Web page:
Willi Korte,  veteran researcher, historian, jurist and investigator of looted cultural property and a co-founder of the Holocaust Art Restitution Project (HARP) helped Henri Bondi get his research ducks in order to prepare for a full-frontal campaign to get Wally back. Others like Marc Masurovsky, Ori Soltes and their legal counsel, Jeanine Benton, also of HARP, were urging Senate Banking Committee staff, Jewish organizations and law enforcement agencies to step into the breach and do “something” to keep the painting in the US.

By early January 1998, it didn’t look good. After Senator D’Amato demanded the seizure of the collection, he recused himself almost as dramatically, having received a phone call from one of his most ardent campaign donors who asked him to reconsider his rash statement. And so he did. US Customs—now ICE—in the person of Special Agent Bonnie Goldblatt were ready to pounce but were left out in the cold because of D’Amato’s sudden withdrawal and the equally callous abandonment by other Federal officials at State and Commerce who had ruled that this was indeed a private matter which should not require official American governmental interference that might intrude on the good relations between the United States and Austria.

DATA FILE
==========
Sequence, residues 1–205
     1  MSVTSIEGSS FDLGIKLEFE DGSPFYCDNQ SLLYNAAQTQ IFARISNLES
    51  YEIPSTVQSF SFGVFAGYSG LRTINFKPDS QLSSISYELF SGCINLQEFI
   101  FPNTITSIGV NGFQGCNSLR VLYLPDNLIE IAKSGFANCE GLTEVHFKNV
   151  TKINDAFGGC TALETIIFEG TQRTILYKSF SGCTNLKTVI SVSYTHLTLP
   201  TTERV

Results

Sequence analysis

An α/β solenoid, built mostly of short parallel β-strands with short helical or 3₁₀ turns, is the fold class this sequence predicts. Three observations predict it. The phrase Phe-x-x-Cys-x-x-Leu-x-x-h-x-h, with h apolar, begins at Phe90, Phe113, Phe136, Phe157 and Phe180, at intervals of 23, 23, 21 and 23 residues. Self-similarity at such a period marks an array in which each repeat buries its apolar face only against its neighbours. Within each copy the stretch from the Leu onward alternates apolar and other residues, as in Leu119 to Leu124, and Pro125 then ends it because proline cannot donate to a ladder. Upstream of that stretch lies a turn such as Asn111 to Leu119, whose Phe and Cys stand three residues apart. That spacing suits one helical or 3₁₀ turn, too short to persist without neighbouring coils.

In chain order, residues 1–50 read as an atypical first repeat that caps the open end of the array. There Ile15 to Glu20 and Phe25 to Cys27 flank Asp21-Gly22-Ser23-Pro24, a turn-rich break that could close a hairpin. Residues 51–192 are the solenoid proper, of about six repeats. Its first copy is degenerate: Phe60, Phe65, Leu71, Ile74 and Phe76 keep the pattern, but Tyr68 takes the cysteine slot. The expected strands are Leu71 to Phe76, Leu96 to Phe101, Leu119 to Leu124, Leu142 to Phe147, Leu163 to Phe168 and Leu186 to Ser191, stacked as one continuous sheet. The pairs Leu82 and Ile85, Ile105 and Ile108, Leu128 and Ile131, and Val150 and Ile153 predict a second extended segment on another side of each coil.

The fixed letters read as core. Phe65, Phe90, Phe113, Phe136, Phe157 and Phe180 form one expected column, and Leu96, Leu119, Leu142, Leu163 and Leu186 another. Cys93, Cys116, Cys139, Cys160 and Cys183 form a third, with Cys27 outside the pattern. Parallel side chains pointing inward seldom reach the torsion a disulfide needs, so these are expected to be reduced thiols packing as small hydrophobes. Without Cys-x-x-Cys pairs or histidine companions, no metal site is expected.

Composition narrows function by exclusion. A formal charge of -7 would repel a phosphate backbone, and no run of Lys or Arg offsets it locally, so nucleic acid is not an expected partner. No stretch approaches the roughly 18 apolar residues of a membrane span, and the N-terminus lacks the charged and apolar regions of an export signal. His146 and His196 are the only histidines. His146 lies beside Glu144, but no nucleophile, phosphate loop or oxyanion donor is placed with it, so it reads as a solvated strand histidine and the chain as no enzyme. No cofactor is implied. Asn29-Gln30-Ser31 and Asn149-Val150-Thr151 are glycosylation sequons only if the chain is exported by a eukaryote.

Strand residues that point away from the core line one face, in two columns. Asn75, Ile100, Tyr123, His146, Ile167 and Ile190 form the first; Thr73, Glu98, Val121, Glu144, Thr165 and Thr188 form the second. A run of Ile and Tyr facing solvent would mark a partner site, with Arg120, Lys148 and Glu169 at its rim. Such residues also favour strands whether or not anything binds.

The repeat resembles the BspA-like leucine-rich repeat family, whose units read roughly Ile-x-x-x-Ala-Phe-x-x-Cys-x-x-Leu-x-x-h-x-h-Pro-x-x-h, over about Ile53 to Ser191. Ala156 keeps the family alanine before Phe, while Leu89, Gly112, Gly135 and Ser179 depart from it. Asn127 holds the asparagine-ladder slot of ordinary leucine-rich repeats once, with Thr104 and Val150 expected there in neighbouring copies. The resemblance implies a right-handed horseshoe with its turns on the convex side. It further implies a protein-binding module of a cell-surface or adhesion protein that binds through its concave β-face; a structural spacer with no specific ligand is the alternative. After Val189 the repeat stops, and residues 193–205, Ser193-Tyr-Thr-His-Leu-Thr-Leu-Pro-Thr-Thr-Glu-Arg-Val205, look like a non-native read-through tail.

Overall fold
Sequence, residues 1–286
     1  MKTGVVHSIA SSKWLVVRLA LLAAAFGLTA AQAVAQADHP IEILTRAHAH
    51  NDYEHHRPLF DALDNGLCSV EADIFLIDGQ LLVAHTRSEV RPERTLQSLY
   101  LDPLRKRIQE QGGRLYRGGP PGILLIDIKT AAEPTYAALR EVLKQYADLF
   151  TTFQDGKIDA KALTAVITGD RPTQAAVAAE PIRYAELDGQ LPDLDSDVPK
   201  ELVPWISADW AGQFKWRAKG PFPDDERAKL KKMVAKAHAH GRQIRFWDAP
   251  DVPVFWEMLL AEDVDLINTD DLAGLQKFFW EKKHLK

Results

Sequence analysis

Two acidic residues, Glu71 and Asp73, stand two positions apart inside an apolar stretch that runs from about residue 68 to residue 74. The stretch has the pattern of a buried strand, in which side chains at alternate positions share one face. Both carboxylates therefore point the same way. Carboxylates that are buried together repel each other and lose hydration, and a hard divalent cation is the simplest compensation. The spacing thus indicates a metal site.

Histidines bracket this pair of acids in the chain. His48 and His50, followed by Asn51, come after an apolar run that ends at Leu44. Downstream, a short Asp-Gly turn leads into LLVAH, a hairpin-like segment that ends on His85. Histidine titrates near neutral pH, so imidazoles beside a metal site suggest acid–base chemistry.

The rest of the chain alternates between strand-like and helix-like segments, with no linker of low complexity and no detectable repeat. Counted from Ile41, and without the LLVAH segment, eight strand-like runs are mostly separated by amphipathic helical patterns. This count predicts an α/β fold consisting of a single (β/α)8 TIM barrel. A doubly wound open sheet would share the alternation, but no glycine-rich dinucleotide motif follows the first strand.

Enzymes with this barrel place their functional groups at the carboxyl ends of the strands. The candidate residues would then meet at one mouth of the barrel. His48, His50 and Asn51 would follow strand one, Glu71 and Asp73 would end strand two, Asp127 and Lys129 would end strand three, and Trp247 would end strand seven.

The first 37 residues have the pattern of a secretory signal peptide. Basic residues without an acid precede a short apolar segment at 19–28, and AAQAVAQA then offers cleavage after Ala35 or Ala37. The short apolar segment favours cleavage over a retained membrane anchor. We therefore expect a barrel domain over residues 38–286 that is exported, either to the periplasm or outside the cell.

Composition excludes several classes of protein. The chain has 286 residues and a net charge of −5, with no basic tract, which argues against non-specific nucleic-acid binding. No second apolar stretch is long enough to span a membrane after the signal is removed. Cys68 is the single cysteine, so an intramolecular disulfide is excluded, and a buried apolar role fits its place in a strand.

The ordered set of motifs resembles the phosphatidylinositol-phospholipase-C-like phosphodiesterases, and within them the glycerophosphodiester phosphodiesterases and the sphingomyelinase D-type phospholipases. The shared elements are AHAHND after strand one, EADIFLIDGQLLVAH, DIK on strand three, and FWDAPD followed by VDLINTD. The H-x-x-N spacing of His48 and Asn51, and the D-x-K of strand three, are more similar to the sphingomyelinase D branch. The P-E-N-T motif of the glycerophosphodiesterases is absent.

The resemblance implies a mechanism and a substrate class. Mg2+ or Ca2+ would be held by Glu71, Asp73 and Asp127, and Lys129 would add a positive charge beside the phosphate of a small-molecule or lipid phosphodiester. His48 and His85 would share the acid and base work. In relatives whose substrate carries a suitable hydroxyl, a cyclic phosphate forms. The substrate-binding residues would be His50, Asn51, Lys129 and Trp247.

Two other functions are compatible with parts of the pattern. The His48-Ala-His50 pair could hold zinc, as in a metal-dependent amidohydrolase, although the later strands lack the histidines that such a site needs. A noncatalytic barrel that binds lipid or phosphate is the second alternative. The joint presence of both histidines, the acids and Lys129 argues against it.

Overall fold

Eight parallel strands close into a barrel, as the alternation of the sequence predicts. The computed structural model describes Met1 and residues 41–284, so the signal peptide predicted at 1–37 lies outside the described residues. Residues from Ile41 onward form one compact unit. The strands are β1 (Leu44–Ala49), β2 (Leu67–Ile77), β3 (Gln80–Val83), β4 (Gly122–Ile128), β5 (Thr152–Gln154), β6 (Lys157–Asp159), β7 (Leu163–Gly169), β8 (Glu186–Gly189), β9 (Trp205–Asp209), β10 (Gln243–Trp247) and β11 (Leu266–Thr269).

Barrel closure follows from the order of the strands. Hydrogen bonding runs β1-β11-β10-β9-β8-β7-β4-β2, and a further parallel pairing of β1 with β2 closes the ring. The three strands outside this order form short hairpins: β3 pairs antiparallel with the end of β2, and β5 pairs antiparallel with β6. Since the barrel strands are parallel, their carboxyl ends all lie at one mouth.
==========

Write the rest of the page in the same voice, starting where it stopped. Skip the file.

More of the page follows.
Special Agent Bonnie Goldblatt
Source: ArtsJournal

Robert Morgenthau
Source: Google Images
All this to say that all five of us were rather alone that first week of January, dismayed at the cowardice displayed by elected and appointed officials alike, the cynicism of the art world, and the apparent indifference of American Jewish groups including the World Jewish Congress and the American Jewish Committee, who refused to lift a finger on behalf of the Bondis, the legitimate heirs of a victim of Nazi persecution. Is it a coincidence that the chairman of the board of MoMA was also the secretary-treasurer of the WJC? We’ll leave that alone for now…